Mogadishu’s streets: Disarming a city overrun with guns

MOGADISHU, Somalia (Caasimada Online) – In an effort to restore stability in Somalia’s capital, President Hassan Sheikh Mohamud announced a ban on carrying weapons in the streets of Mogadishu.

In addition to prohibiting military gear imports, the new regulations also seek to combat the widespread presence of firearms in the city.

During a Friday prayer sermon at his presidential compound, President Mohamud declared that carrying guns in Mogadishu’s streets would no longer be allowed.

“One cannot justify having machine guns mounted on vehicles and rocket-propelled grenades in the streets for protection from a hiding al-Shabab militant armed with a pistol,” he stated.

The president warned that those who failed to comply would face the consequences, as the government would “fight against those who fail to abide by the measures.”

Import restrictions on military gear

Mohamud also banned the import of all kinds of military equipment, from uniforms to boots.

“No businessman can bring any military gear into the country, let alone weapons. The traders cannot even import Abdi Bile vehicles in the country,” he said.

The Abdi Bile, named after a Somali American runner, is a popular Toyota pickup model often used to mount self-propelled anti-aircraft guns in Somalia.

General Mohamed Farah Aliyow, a veteran Somali military general and Toronto-based security analyst, sees this move as a significant step toward restoring stability in Mogadishu.

The city has lacked a reliable security plan since the collapse of the Siad Barre military regime in 1991.

Business owners, government officials, and lawmakers have employed heavily armed security teams to protect their lives and properties in recent years.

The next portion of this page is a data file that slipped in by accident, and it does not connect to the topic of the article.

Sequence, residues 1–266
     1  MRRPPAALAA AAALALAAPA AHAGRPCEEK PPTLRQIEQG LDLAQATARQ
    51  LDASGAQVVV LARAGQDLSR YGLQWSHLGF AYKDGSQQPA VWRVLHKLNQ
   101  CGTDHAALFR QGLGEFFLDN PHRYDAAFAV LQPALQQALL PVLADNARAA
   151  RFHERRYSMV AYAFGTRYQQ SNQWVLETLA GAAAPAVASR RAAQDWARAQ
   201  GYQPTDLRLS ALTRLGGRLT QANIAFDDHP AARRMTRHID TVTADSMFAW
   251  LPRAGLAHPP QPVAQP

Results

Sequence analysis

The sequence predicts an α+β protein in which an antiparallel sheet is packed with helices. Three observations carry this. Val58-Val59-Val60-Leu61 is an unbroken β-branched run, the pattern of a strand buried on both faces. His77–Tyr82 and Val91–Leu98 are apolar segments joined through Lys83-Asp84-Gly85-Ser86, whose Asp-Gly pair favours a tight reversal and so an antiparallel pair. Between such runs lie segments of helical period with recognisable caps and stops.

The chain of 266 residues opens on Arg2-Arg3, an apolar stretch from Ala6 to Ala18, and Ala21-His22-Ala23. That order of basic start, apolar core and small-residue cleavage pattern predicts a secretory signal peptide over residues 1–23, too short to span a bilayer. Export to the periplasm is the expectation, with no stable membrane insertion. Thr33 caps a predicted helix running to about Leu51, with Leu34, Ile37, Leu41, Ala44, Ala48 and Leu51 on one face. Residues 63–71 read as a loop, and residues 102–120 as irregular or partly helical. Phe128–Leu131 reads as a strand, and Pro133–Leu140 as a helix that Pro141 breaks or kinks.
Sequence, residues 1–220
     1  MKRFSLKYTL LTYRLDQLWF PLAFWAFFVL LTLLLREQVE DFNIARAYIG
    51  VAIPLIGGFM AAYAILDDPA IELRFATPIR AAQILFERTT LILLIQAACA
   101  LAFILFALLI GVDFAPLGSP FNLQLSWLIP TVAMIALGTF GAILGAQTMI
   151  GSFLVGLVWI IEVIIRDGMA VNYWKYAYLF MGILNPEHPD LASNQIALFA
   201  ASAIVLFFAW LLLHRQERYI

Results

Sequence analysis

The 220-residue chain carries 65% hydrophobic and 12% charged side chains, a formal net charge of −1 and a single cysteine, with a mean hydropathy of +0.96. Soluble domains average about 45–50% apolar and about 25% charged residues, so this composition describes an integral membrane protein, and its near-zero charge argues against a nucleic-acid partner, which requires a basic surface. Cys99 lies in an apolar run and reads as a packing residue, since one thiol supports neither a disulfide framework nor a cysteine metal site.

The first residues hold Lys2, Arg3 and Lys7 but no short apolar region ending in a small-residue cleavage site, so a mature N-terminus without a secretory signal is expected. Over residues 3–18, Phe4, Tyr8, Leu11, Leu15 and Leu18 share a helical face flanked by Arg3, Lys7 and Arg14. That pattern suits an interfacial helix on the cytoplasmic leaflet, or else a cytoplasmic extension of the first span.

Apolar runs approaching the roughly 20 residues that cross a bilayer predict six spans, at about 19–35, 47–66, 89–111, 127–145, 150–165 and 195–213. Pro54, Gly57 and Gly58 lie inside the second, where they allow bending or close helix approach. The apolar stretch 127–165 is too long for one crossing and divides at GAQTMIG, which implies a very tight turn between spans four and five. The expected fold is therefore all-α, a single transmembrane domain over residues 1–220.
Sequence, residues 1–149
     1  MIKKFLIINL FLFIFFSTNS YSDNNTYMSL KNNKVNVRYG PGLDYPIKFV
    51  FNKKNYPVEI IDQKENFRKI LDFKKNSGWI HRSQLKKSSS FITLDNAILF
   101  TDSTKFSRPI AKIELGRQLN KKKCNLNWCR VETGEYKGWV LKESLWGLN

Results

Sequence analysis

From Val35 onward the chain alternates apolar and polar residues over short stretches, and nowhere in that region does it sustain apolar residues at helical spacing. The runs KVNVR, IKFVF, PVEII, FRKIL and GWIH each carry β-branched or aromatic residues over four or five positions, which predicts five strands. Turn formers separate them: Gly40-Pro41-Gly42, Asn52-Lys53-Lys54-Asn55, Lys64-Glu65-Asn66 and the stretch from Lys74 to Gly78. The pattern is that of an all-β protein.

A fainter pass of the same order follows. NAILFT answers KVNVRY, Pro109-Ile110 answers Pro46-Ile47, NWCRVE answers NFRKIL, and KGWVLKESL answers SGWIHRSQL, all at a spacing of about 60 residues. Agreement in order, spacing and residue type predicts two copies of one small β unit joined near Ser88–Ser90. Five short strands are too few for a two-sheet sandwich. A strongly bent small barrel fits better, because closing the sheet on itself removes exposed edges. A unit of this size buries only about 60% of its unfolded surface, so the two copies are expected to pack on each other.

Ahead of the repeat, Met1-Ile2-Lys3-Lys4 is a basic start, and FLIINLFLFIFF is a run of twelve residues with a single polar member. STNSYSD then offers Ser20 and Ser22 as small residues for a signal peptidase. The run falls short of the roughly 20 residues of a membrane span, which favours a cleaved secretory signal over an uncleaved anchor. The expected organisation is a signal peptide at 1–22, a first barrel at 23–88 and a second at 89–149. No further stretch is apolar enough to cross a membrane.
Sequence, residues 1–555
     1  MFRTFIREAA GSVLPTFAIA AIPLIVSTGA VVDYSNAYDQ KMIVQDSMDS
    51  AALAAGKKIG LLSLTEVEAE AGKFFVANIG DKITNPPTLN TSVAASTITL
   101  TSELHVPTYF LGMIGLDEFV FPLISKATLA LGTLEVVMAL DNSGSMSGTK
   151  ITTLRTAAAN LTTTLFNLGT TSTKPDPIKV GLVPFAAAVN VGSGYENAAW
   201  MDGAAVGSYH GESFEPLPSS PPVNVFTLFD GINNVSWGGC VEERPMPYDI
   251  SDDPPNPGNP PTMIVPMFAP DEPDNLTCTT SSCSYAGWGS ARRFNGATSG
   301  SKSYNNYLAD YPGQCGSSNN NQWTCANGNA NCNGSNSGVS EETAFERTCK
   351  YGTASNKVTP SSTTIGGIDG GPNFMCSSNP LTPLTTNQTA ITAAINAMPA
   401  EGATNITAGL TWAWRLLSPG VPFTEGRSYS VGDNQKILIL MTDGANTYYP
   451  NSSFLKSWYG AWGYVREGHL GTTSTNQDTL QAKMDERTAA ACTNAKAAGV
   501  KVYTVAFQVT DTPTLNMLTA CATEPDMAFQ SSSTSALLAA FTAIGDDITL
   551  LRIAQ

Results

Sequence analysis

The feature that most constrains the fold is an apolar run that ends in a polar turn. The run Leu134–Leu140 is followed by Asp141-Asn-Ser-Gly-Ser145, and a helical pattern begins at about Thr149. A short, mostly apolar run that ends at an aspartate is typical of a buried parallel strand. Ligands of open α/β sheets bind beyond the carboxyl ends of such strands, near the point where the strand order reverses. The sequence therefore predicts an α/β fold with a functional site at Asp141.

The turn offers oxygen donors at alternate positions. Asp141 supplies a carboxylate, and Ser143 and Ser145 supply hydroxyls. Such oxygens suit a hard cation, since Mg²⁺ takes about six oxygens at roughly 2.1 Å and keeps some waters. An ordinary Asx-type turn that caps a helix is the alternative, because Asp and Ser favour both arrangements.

This has resulted in a city overrun with firearms despite decreased open sales.

Offensive against Al-Shabab

The announcement of the weapons ban came hours after government media declared the second phase of the government’s war with al-Shabab militants in the Hiran region of Central Somalia.

Last week, officials reported the conclusion of an eight-month-long military operation against the militants.

On Friday, the Somali National Army, supported by local clan militias, seized control of several villages in the Hiran region.

Hiran regional governor Ali Jeyte Osman stated, “The liberated areas have been hideouts of al-Shabab militants, but not strong bases; we will pursue them to their strongholds in the West of Beledweyne town.”

The Somali government claimed that between August 2022 and January 2023, 3,000 al-Shabab militants were killed and 3,700 injured, with 70 towns and villages liberated.

However, the militant group argued that the first phase of military operations had failed.

Independent sources have not been able to confirm the claims of either side, particularly regarding the number of casualties.

In a March interview with VOA’s Somali Service, Hussein Sheikh Ali, the national security adviser for the Somali president, disclosed that Djibouti, Ethiopia, and Kenya would send new troops to support Somali forces against al-Shabab in the second phase of military operations.

The timeline for their arrival remains uncertain.